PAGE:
International Trade Centre (ITC) and Swazi designers at Maison&Objet
The Kingdom of Eswatini – formerly known as Swaziland – has a rich tradition of arts and crafts and a highly skilled community of artisans
Sharing the meaning, culture and communities behind our designs with international buyers was important and energizing
ITC's Alliances for Action partners exhibited at Maison&Objet Paris 2023 to build commercial spaces for its Eswatini network of artisans and designers.
The Kingdom of Eswatini – formerly known as Swaziland – has a rich tradition of arts and crafts and a highly skilled community of artisans. Today, some bold designers and artists are seeking to fuse these assets with a sustainable culture and a modern edge in interior design and homewares.
Pitching these products to the EU market could help businesses access international clients and breathe new life - and jobs - into Eswatini’s artisan and crafts communities.
Luis Miguel Pascoal works with EU Delegation in Eswatini to develop the private sector. He is eager to see Eswatini stand out for its originality and artisan craftsmanship on the EU market.
“Craft integration into a vast market such as the EU is critical. It’s a sector that is crucial to local job creation and poverty alleviation because it represents family businesses and micro, small, and medium enterprises, including under-represented groups such as youth, women entrepreneurs, and people living with disabilities,” he said.
Maison&Objet is a bi-annual fair that covers objects for the home as well as high-end interior products. This year’s January show in Paris brought in 64,000 professional visitors, and more than 3,000 exhibiting brands from 64 different countries - a buzzing ecosystem of designers, talents, events, talks, and services.
The crowd attending was international, with EU-wide attendance and high representation from renown overseas design destinations like Japan and the United States.
Bringing Swazi art and homewares to international interior design lovers
This year, Swazi designers and artisans showcased their products there with support from the EU, ITC, and the Eswatini Government. They were represented by dynamic local enterprises JEREMPAUL and Yebo Art Gallery.
JEREMPAUL is dedicated to honouring and preserving the essence of Swazi traditions through art, design, food and community. They presented collections of one-of-a-kind pieces made from raw materials celebrating local traditions and principles through a contemporary lens.
Yebo! is a contemporary art gallery and design studio that uses the arts as a vehicle for positive social change. They presented art and décor items that communicated messages on themes like youth engagement, climate change, human rights and freedom of expression.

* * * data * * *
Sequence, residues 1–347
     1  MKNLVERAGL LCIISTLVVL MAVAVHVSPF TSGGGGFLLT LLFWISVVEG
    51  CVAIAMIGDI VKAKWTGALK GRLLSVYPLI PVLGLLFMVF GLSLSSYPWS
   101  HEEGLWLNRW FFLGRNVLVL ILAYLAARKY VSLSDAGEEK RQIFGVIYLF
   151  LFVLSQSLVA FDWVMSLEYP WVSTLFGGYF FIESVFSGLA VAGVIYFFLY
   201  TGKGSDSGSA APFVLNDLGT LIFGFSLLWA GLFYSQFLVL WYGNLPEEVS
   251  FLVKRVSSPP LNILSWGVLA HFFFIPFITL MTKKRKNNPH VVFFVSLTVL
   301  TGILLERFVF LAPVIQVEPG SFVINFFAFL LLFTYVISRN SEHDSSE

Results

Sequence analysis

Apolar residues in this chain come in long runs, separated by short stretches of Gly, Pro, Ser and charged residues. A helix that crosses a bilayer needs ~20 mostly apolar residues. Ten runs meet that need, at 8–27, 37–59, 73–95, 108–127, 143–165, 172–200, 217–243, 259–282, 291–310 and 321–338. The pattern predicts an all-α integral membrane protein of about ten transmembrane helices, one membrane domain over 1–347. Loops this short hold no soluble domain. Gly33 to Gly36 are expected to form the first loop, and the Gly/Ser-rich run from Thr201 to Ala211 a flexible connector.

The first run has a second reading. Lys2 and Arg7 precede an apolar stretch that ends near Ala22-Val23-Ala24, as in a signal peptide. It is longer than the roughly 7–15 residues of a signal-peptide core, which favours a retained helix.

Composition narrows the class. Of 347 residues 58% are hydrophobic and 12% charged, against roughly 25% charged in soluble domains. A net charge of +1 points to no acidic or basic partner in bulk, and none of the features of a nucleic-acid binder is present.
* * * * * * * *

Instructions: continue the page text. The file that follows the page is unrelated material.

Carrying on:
Committed to their local communities of artisans, they also showcased products from two women cooperatives; Indzaba Yami and Siyaphambili, in efforts to raise the profile of Eswatini’s designs on a global stage.
All these enterprises are part of ITC’s Alliances for Action sustainable agribusiness initiative and the recipients of the joint EU-ITC project, Eswatini: Promoting growth through competitive alliances, which seeks to boost jobs, business and artisan skills in the country and support small enterprises.
It also seeks to promote export-led growth, especially through the full utilization of a trade deal known as the Southern African Development Community-European Union Economic Partnership Agreement (SADC-EU EPA).
A valuable space for dialogue and growth
It was the first time these companies participated in the Parisian fair. Their stand was in the ‘Unique and Eclectic’ section, the designated area for ethnic crafts from outside the EU. It stood out with its edgy mix of authentic local crafts and original design with modern elegance.
JEREMPAUL Director Khulekani Msweli said the trade show was an important learning curve and helped secure a couple of sales leads.
“Being a part of this has been an amazing opportunity and the feedback on our work incredibly positive. Sharing the meaning, culture and communities behind our designs with international buyers was important and energizing. We also learned a lot from other experienced exhibitors,” he said.
The companies were able to evaluate how their products fit into the EU market and assess which products fare better. They also took away valuable lessons on current design trends, pricing patterns and how other African companies do business in Europe and deal with distributors, shipment and other logistics.
Distributed by APO Group on behalf of International Trade Centre.